Friday, September 14, 2012

Who Am I To Tell It's a Bubble?

First, allow me to set the record straight and lay the groundwork for this blog:

  1. Financial bubbles are notoriously difficult to detect before they actually burst.
  2. I do suffer somewhat from a "pessimism bias" when it comes to the current world economy. This is mainly due to the high levels of public and private indebtedness, especially in the developed world.
  3. I currently live in Oslo and have lived here for three years. I do not have a Norwegian passport.
I admit that suggesting there is an economic bubble in Norway is provocative and sounds like a marketing plot to gain more attention than I might gain with a title like "Norwegian Economy". And in a sense it is just that. But it is also a wake-up call, an attempt to state it clearly: "Be careful, because the future might not be as rosy as you think!".

I actually first thought of naming this blog "The Norwegian Gamble". This because I think in the end the whole thing comes to the price of oil which is not decided by Norwegians. If oil price goes down enough, new oil extraction and exploration projects will be postponed / cancelled, the windfall profits of oil industry will disappear and Norwegians will find out that they had been living in a (housing and living standard) bubble which is now deflating.

At this point I don't want to go further into detail regarding why the oil price might fall significantly. I think it is safe to just assume that it might happen, since we have seen it happen in 2008, and already in 2012 we have seen a huge rise in oil price volatility, with the price falling sharply just to rise as sharply again. I see that there are at least three relevant forces affecting it: a weaker global demand (pulling the price down), a stronger supply through new extraction methods and new fields (pulling the price down) and geopolitical tensions (Iran-Israel-USA) (pushing the price up).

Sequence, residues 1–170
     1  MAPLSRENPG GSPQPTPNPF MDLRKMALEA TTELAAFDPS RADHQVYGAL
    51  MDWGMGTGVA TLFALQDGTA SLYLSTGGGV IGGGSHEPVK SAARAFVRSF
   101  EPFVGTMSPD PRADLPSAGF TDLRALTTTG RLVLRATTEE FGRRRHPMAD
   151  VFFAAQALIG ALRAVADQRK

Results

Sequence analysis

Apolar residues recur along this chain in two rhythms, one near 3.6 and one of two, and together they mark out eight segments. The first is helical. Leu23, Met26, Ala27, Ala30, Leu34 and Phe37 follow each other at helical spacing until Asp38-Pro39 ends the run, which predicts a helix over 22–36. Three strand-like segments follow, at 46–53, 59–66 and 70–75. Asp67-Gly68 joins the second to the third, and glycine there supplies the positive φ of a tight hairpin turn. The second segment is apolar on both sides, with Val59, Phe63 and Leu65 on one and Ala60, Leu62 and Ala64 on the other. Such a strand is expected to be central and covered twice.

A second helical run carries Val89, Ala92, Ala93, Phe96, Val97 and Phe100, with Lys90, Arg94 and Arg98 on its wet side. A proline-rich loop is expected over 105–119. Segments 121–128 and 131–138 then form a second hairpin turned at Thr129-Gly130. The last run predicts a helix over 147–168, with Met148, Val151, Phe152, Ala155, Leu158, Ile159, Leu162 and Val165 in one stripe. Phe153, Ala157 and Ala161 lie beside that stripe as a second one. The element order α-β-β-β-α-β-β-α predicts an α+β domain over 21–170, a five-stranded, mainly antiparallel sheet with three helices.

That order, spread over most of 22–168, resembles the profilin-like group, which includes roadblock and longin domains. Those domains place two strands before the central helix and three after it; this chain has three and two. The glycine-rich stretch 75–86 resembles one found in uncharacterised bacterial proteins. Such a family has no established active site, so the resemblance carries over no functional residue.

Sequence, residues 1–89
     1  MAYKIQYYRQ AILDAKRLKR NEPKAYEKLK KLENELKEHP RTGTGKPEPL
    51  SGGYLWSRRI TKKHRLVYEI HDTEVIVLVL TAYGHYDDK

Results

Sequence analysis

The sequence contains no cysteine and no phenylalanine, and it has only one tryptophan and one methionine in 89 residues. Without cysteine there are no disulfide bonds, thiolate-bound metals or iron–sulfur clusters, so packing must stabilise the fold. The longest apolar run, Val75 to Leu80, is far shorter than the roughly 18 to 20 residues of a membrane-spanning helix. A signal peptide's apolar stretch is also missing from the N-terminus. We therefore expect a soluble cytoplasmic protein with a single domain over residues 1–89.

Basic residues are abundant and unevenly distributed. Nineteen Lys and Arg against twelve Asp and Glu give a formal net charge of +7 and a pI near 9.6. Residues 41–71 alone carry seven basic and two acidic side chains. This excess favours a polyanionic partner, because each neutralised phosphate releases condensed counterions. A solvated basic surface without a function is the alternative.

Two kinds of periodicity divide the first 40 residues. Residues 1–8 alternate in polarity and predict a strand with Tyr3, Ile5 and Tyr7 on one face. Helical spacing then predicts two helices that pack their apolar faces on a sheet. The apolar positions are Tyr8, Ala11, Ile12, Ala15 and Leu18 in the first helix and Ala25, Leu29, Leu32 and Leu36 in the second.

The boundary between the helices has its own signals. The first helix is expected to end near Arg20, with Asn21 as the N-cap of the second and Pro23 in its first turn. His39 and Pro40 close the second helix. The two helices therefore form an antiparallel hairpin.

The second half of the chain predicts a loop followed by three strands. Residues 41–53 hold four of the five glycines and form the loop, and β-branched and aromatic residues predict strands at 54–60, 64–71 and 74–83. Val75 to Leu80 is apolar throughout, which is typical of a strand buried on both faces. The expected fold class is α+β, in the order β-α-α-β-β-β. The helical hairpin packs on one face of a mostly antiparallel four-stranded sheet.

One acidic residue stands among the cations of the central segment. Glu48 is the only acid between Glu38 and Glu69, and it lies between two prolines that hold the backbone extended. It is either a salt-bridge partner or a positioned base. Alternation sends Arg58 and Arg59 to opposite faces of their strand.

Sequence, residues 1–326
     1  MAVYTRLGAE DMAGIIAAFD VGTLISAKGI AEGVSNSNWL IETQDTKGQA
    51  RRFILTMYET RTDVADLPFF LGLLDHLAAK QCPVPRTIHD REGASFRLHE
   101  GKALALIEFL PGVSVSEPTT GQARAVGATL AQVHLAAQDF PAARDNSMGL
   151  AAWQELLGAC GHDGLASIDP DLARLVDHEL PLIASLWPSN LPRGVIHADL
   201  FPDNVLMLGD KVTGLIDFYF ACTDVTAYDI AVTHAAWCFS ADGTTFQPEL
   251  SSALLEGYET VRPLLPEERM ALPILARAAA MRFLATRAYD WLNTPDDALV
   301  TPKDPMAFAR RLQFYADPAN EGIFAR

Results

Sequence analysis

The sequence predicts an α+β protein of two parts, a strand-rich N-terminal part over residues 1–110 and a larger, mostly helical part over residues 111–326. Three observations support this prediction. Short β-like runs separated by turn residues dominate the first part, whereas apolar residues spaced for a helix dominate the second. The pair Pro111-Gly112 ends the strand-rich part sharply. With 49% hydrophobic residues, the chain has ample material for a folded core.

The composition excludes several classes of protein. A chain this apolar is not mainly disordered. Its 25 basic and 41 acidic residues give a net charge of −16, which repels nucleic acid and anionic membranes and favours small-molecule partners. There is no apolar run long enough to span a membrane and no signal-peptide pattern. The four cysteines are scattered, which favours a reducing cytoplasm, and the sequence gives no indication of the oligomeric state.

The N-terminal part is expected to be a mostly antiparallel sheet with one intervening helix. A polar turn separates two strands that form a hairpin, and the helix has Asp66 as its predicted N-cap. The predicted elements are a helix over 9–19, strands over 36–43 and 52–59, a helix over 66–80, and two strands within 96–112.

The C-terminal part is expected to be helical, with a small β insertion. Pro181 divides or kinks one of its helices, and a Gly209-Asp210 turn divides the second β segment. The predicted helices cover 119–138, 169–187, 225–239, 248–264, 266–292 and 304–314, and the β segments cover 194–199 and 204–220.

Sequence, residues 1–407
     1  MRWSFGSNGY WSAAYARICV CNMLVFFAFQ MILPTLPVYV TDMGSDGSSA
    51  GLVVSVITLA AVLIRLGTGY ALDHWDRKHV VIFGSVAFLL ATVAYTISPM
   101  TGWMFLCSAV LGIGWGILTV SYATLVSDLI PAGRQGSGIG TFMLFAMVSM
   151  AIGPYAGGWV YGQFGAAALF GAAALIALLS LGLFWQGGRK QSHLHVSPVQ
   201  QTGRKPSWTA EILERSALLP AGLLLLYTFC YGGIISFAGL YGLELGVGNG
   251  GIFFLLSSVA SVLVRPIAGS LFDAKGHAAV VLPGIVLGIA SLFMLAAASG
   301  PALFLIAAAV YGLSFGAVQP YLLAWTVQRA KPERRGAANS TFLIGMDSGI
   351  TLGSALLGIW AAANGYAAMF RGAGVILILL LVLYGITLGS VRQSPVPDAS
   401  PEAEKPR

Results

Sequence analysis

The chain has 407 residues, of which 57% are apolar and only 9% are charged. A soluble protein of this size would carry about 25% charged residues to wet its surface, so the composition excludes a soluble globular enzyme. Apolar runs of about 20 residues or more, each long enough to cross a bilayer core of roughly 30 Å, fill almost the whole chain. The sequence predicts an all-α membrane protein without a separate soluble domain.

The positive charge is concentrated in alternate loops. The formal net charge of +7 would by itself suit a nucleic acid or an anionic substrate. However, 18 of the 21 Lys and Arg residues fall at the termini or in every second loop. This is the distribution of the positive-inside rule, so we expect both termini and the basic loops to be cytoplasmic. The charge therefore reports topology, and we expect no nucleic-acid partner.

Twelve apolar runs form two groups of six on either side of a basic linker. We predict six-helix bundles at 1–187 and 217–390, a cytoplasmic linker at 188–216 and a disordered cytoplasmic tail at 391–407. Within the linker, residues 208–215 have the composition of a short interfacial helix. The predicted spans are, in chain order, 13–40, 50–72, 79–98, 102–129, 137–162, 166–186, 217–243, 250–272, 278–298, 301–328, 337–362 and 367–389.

Even if we didn't currently have an economic bubble in Norway it is fairly safe to say that Norway will have enormous difficulties with avoiding a bubble developing in the future. This is because it actually doesn't matter that much if the current optimism is based on solid arguments and forecasts - too much of a good thing is just too much. Human kind has shown time after time that it is nearly impossible to avoid these bubbles.

There is a huge amount of exuberance in the Norwegian economy at the moment, and to me it seems that it's of the irrational type of exuberance. It is very hard to avoid the signs of over-heating and bubble-inflating, be it in housing, cars or overall consumption. It is these signs I plan to discuss here in the coming weeks and months.

I wish this blog would be of value mainly to two different types of readers: a) Norwegians who appreciate a non-Norwegian's view on their economy, and b) non-Norwegians who have a stake in the Norwegian economy through investments. I have not run into that many publications on the Norwegian economy in English, so I hope this blog would be a small addition to this - in my opinion - needed discourse.

The Neverending Party? (graph from Statistics Norway)


  1. nice blog, read all the posts, couldn't agree more. keep it up!

  2. Jan EirikMay 02, 2013


    Just came over you blog. Very interesting reading. Keep it up !

  3. Congratulations for your fantastic blog. I cannot wait for more posts! Great job.